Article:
Blest and kept

Why and how I bless my children

My siblings and I have a special fondness for Peter Lutkin’s classic setting of the Numbers blessing. We all sang it in high school choir; now we sing it together at family weddings and funerals and occasionally when we’re just sitting around. Most of us know at least one voice part by heart. We’re shakier, however, on the words. We know them all, we just get confused about the order. When exactly does the Lord be gracious unto you, as opposed to giving you peace?

It took me years to realize where this confusion comes from: Lutkin sets the biblical text out of order. That’s a problem for us, because Numbers 6:24–26 itself lives even deeper in our bones than Lutkin’s music does. This text’s role in our childhood is both the reason we love the choral setting and the reason we’re thrown off by its rather minor liberties with the text.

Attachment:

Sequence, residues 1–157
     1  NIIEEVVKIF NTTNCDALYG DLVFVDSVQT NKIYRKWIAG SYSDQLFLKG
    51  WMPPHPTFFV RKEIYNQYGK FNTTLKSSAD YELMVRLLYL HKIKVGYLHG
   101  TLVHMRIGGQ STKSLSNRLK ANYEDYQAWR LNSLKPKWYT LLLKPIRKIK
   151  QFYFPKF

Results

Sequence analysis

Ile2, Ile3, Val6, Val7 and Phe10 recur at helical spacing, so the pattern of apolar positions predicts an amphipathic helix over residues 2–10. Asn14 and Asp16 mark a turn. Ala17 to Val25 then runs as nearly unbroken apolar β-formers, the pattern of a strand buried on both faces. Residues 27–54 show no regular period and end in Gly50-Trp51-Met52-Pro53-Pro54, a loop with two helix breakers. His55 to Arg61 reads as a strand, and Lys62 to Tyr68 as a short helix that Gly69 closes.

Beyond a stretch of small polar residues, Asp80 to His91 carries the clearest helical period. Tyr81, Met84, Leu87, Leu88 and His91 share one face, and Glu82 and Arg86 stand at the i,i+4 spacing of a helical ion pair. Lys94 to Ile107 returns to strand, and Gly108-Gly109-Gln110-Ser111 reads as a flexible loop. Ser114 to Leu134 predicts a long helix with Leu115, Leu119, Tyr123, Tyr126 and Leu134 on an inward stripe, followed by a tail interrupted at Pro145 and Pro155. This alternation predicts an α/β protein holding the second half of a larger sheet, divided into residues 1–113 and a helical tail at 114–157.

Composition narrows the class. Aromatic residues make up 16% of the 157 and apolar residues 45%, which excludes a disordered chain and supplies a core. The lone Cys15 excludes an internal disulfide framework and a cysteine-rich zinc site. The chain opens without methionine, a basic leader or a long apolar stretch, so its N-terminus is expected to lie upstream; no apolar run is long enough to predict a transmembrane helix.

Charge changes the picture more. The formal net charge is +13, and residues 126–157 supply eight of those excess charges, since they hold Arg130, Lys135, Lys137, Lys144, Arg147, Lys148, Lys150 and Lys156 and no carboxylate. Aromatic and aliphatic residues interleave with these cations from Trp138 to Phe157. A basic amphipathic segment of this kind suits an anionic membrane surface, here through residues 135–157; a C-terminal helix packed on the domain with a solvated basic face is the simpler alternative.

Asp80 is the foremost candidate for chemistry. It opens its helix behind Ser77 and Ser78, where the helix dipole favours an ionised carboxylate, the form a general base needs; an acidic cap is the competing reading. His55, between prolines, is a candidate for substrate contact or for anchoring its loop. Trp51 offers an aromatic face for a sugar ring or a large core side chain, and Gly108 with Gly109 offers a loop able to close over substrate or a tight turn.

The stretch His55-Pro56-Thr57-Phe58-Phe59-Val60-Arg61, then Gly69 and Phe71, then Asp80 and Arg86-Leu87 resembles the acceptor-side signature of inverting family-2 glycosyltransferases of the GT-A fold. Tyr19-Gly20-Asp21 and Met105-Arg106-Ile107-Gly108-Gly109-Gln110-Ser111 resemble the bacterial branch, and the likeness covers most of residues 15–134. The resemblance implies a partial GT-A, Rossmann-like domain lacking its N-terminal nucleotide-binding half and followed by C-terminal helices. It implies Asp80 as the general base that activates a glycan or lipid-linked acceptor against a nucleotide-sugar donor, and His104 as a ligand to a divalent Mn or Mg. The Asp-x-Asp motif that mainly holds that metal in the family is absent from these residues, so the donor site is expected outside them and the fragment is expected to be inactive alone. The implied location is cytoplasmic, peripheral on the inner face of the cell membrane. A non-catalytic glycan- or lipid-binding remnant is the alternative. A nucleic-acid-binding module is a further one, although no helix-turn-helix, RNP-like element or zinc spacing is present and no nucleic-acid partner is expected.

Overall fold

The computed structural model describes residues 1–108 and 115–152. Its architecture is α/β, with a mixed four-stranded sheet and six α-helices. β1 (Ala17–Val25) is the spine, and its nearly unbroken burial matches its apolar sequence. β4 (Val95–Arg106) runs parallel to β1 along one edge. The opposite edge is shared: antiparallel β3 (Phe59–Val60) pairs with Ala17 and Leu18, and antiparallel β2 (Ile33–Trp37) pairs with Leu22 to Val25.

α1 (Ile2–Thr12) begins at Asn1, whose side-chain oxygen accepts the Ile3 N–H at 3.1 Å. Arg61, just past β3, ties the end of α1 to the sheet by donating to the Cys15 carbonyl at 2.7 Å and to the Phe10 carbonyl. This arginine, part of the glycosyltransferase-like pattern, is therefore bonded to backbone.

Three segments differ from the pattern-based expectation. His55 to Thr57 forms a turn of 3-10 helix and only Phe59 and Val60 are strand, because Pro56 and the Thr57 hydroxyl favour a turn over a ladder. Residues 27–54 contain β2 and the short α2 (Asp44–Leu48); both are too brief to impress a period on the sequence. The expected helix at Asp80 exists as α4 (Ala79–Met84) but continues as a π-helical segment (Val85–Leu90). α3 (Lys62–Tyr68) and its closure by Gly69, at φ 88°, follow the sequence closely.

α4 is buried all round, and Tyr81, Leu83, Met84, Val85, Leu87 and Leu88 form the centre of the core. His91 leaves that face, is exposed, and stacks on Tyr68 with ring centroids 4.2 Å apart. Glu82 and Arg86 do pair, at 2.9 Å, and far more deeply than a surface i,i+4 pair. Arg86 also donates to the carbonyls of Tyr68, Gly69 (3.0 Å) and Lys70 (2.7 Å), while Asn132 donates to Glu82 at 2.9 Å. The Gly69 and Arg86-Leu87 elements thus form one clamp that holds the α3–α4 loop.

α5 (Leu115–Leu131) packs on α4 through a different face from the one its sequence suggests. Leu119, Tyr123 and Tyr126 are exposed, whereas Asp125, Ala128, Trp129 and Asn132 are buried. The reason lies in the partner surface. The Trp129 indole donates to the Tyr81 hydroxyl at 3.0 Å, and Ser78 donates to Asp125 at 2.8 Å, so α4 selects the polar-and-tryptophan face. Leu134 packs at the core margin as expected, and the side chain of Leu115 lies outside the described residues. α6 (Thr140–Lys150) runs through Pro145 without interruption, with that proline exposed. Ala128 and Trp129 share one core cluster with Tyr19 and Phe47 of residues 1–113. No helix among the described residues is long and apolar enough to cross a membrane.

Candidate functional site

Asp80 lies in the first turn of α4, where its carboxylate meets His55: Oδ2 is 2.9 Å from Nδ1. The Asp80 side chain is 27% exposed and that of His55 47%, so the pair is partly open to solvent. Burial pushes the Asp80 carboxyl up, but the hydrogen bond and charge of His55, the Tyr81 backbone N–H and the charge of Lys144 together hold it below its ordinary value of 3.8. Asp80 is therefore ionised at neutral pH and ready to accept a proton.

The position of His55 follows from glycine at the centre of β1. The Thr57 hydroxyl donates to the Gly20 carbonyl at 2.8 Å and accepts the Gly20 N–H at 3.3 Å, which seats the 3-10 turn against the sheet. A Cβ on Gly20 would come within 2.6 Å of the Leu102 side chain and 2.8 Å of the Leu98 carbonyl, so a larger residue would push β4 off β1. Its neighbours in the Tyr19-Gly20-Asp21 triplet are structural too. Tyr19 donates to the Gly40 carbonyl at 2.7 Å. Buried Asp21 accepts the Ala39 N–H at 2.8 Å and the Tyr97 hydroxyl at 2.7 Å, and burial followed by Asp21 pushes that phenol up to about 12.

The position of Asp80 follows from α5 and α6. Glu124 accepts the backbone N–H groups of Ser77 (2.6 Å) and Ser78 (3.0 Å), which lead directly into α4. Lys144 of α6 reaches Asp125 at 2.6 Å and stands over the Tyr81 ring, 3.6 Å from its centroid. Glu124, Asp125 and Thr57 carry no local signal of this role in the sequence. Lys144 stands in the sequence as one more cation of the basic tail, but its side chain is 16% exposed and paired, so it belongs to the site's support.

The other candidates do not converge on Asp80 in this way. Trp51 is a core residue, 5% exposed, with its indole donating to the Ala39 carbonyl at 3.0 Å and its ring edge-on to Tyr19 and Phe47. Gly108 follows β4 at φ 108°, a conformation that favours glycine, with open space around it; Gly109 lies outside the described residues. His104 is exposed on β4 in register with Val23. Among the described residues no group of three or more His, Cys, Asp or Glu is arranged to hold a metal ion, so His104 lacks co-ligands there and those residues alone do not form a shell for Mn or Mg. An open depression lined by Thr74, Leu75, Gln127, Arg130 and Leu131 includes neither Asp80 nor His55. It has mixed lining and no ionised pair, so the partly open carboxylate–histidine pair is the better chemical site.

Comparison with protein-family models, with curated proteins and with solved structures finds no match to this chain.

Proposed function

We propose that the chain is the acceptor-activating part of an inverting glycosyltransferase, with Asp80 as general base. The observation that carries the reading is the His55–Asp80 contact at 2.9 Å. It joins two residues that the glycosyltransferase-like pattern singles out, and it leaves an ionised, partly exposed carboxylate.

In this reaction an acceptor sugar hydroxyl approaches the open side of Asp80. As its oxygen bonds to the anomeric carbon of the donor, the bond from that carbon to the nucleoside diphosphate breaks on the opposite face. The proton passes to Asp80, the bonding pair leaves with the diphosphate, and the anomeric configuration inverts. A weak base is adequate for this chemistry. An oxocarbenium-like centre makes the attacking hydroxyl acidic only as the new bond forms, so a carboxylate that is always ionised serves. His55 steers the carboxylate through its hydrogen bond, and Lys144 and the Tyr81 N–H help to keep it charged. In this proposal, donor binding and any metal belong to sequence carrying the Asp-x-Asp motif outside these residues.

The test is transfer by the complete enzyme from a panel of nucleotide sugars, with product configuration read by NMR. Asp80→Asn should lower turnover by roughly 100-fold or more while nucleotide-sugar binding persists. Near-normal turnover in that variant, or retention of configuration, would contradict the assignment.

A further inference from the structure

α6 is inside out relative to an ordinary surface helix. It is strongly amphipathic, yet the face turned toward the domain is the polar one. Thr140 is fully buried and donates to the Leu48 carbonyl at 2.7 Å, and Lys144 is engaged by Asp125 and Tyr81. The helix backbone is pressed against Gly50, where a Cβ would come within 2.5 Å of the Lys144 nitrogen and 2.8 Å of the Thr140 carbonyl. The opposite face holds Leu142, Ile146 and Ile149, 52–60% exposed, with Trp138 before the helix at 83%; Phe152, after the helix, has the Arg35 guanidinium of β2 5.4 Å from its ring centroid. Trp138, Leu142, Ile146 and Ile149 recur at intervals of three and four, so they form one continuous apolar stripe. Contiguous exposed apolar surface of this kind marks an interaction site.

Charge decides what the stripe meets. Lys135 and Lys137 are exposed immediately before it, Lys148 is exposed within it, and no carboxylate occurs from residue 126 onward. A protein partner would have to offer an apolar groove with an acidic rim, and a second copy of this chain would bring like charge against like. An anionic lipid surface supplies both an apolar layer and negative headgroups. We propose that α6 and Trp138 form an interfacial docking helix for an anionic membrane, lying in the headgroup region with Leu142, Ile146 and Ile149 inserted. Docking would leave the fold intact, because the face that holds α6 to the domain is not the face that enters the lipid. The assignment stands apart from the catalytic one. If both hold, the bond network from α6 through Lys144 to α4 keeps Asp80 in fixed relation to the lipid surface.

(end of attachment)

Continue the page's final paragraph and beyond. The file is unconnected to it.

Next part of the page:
My parents prayed with us a lot when we were little. We were Baptists turned nondenominational, so we rarely used precomposed texts; the Numbers blessing was the major exception. Most nights, after we were fed and bathed and jammied and tucked in, my dad went from bed to bed, put his hand on our heads, and blessed us. He took his own liberties with the text by mixing translations: